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Rineke Dijkstra makes photographs and sometimes videos of people who are brave. Sometimes they’re adolescents, sometimes soldiers, sometimes bullfighters.

The brave person we see here is called Julie. She’s in The Hague, the year is 1994, and she has just done the bravest thing human beings do that’s somehow considered routine. She has given birth.

There’s a surprising silence around the raw substance of this subject, perhaps because it’s so elemental. Every one of us came into the world from a woman’s uterus, as the midwives like to point out. But that doesn’t mean that the process is safe, or routine, or uncomplicated.

Blood pressure rises dangerously. Umbilical cords get wrapped around necks. Babies flip into breech position, twins … (twins!!). There are a hundred things that can go wrong. Or go right, but only after tremendous, sometimes life-threatening difficulty. And of course, all this comes after months of stunning changes to the mother’s body and her entire attitude to life.

This photograph is one of a series Dijkstra made of women in the immediate aftermath of giving birth. The labor may be over. But something about the baby’s dramatically splayed limbs and Julie’s awkward, still-getting-used-to-it hold trembles with the muscle memory of the recent emergency.

For that is what it is: an emergency, with its own altered, adrenaline-affected sense of time; its hormonal (and possibly drug-induced) distortions of perception; and, of course, its stamp of uniqueness. No two births are the same.

Working in a tradition pioneered earlier in the 20th century by the German photographer August Sander, Dijkstra approaches her subjects with deliberate neutrality. She uses a large-format camera, which produces big negatives. In the resulting large-scale prints (almost four feet high), her human subjects are almost entirely in focus, while the background — often blank walls, sometimes oceans and skies — is neutral and less in focus.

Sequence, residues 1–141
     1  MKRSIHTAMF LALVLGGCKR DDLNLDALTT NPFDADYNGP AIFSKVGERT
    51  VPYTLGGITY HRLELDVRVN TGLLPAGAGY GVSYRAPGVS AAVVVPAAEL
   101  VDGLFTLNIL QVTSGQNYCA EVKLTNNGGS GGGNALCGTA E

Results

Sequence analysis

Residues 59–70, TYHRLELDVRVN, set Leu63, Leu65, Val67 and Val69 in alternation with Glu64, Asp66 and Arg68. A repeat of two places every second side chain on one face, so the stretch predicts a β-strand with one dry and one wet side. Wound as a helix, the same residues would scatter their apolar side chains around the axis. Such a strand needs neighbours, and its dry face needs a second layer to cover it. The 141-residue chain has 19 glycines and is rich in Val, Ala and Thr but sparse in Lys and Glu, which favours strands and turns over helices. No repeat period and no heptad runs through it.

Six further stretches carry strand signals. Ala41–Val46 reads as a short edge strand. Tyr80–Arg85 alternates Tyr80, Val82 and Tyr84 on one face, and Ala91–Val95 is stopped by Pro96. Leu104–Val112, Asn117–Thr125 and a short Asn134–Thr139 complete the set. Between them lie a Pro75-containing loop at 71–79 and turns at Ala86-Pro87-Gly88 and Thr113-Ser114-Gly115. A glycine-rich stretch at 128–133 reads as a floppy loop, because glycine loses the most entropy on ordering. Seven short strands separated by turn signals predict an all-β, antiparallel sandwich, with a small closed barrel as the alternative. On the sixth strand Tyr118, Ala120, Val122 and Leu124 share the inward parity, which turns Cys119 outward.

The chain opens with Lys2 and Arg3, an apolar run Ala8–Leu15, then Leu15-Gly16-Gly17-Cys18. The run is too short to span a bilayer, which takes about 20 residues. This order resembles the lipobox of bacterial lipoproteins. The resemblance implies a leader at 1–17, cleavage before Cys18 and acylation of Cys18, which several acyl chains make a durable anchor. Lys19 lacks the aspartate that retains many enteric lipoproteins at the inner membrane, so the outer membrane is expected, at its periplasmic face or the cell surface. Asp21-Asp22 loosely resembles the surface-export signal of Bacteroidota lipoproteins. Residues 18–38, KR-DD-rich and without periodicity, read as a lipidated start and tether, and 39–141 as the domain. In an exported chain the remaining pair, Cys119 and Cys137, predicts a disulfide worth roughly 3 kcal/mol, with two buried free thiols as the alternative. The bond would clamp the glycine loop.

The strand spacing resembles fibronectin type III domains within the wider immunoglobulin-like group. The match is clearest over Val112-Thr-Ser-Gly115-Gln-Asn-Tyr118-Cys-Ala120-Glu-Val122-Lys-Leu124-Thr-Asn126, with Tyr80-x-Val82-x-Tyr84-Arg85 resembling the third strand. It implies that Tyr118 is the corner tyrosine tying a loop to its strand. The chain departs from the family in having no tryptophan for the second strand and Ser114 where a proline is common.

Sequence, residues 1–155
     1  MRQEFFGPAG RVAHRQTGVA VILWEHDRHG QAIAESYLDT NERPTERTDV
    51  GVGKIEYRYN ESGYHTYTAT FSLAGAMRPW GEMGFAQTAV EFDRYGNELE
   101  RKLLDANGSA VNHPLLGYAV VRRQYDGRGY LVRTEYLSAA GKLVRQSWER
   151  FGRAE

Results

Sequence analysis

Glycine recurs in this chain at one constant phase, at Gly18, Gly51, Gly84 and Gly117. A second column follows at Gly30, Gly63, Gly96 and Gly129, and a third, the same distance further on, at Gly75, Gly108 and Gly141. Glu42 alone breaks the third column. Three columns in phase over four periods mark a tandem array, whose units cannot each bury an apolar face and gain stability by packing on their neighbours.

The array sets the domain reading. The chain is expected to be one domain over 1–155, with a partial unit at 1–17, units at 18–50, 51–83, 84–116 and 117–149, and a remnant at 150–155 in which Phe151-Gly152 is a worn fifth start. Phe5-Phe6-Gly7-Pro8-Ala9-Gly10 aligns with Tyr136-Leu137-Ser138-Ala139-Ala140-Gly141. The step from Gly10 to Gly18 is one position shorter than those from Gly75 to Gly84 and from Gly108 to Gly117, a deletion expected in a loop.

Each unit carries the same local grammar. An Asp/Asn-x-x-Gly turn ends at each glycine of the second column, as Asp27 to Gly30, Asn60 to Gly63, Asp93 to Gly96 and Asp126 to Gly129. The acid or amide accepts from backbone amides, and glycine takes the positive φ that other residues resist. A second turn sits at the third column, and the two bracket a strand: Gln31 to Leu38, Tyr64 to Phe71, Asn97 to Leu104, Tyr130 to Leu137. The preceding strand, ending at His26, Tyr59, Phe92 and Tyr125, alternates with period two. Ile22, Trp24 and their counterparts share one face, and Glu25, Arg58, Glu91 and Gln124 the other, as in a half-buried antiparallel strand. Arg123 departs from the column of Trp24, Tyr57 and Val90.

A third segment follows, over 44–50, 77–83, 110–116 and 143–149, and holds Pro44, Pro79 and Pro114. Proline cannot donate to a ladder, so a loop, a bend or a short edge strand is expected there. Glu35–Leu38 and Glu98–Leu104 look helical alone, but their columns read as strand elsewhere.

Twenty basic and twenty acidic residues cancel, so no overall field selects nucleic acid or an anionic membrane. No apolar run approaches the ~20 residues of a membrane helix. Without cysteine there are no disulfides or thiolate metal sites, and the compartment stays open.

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Dijkstra’s approach endows her subjects with tremendous presence. She has said she was drawn to the idea of making post-birth portraits after she saw a friend giving birth. She wanted to know if she could use her approach to capture all the emotions she saw — pride, exhaustion, happiness, relief. In surprising ways, I think she has.

Her female subjects are presented with a frankness that can be very confronting but is also exceptionally beautiful. Exceptional, because Dijkstra’s photographs are always reminding us of the fragile and unknowable nature of the person they show — and by extension, of all the things that are inimitable and unknowable about you and me and everyone else, too.

A person might fit into a “type,” in other words. He might wear a military uniform. She might dance with hundreds of others at an all-night party. She might give birth like billions of others before her. But her circumstances, her dreams, her inner life, what we might call her quiddity, cannot and will not be found anywhere else.

So look again at this acutely vulnerable young woman. (The photograph is currently in a traveling show in England called “Acts of Creation: On Art and Motherhood.”) She has gone through something profound and difficult and is now a “mother.” We will call her that and the word will summon certain ideas and expectations. Her life will certainly change, regardless of words.

But she still has her own specific quiddity. She has girlfriends and parents. She has favorite songs, favorite books, favorite TV shows. She was probably out dancing with friends not long ago. She once got a tattoo on her thigh. Certain events — a good teacher, a trip overseas, a long relationship with a musical instrument, perhaps a charismatic aunt — may have changed her outlook on things.

A great deal more has now been added to her life. I mean, just look at that raw, blotchy little being with its own gorgeous quiddity pressed against her chest!

But when I look at this picture, I find myself hoping that nothing of who she was before will be taken from her simply because she is a mother.



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